Anyone who regularly travels outside the U.S. is likely aware of the growing significance of mobile on shopping activities everywhere.
While PC online shoppers in the U.S. are among the top countries by percentage, those buying via smartphone and laptop actually lag other countries, based on new research.
For desktop online purchasing around the world over the last month, the highest percentage countries were China, Germany, United Kingdom, South Korea, Brazil and then the United States, according to the latest GlobalWebIndex (GWI) quarterly report
The study found that 66% of internet users are now buying products online monthly, a 52% increase since 2011, and projected to reach 1.5 billion people within four years.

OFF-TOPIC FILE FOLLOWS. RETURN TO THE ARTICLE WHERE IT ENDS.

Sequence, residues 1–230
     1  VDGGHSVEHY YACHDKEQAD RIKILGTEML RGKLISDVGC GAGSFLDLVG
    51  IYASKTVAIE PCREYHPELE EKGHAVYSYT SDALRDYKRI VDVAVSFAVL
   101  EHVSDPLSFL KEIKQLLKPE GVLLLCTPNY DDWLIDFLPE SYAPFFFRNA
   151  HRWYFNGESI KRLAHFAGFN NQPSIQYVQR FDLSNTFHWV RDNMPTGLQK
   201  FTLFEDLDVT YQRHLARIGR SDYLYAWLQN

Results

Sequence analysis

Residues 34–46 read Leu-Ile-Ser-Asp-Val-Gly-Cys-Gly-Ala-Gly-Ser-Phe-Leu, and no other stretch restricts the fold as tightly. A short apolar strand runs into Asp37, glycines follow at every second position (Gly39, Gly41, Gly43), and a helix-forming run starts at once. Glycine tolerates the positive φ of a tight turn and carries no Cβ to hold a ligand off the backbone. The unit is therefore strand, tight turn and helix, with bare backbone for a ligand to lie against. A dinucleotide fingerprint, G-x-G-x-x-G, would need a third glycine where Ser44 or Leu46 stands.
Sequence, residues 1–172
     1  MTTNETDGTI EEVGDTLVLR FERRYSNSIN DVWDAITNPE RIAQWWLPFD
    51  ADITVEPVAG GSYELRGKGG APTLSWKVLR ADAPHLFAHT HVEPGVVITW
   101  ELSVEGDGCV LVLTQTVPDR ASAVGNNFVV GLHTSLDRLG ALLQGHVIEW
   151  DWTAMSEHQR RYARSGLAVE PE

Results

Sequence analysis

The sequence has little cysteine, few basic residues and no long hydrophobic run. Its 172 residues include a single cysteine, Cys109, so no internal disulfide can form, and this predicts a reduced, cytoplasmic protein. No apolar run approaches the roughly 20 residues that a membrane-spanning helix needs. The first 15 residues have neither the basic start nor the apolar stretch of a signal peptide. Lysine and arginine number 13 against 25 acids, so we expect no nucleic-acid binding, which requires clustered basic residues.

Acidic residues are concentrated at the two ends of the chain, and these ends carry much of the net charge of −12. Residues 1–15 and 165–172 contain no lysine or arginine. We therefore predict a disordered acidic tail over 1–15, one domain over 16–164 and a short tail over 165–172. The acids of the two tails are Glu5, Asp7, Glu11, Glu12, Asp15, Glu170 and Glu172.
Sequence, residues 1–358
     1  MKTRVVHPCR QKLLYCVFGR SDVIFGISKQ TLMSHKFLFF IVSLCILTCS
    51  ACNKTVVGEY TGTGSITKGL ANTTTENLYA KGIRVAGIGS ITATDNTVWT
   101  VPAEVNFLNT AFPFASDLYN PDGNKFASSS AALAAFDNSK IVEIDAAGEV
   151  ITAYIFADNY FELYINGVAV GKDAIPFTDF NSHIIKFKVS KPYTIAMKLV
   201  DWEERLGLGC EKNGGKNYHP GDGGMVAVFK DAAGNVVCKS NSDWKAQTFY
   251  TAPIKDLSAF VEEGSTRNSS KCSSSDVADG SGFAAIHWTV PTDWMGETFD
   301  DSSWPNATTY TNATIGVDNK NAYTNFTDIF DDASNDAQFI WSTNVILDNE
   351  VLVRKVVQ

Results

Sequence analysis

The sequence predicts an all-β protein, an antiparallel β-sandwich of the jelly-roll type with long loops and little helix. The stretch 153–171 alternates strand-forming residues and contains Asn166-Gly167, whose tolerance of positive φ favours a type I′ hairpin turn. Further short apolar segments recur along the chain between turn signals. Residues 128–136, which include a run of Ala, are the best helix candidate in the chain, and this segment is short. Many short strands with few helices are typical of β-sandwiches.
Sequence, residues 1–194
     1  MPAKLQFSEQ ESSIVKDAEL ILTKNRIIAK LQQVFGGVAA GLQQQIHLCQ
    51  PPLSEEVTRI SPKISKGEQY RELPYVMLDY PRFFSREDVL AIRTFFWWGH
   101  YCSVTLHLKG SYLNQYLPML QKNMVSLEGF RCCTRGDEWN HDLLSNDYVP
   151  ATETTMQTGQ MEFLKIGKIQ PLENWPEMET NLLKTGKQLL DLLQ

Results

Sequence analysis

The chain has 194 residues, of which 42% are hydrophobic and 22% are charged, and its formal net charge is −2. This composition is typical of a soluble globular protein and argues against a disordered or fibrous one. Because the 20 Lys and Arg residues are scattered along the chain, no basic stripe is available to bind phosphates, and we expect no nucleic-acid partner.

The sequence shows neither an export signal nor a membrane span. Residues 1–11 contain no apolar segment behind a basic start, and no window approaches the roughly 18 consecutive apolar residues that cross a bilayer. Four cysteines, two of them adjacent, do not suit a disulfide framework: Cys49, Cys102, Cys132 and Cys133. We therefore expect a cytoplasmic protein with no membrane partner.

The majority (57%) of online purchasing is still happening on the desktop/laptop, followed by phones (26%) and tablets (12%).
This is counter to numerous studies that show tablet purchases higher than smartphones, but those studies typically are U.S.-only.
GWI Commerce annually interviews 170,000 internet users across 32 countries. The quarterly study uses a sample size of more than 40,000 internet users between 16 and 64 years.
The research showed that during the last month, internet users in China led the percentage of people buying products via mobile phones and that percentage is higher than the U.S. in 19 countries. Here’s the by-country order of online purchasing via phone:
However, when it comes to products being bought on tablets, the U.S. is in the top 10, though at the end:
The country with the least online purchasing by either phone or tablet is Japan.
An interesting tidbit is that almost half of internet users globally have visited Amazon within the last month and more people from China visit Amazon each month than those from the U.S.
Mobile commerce continues to be a global phenomenon.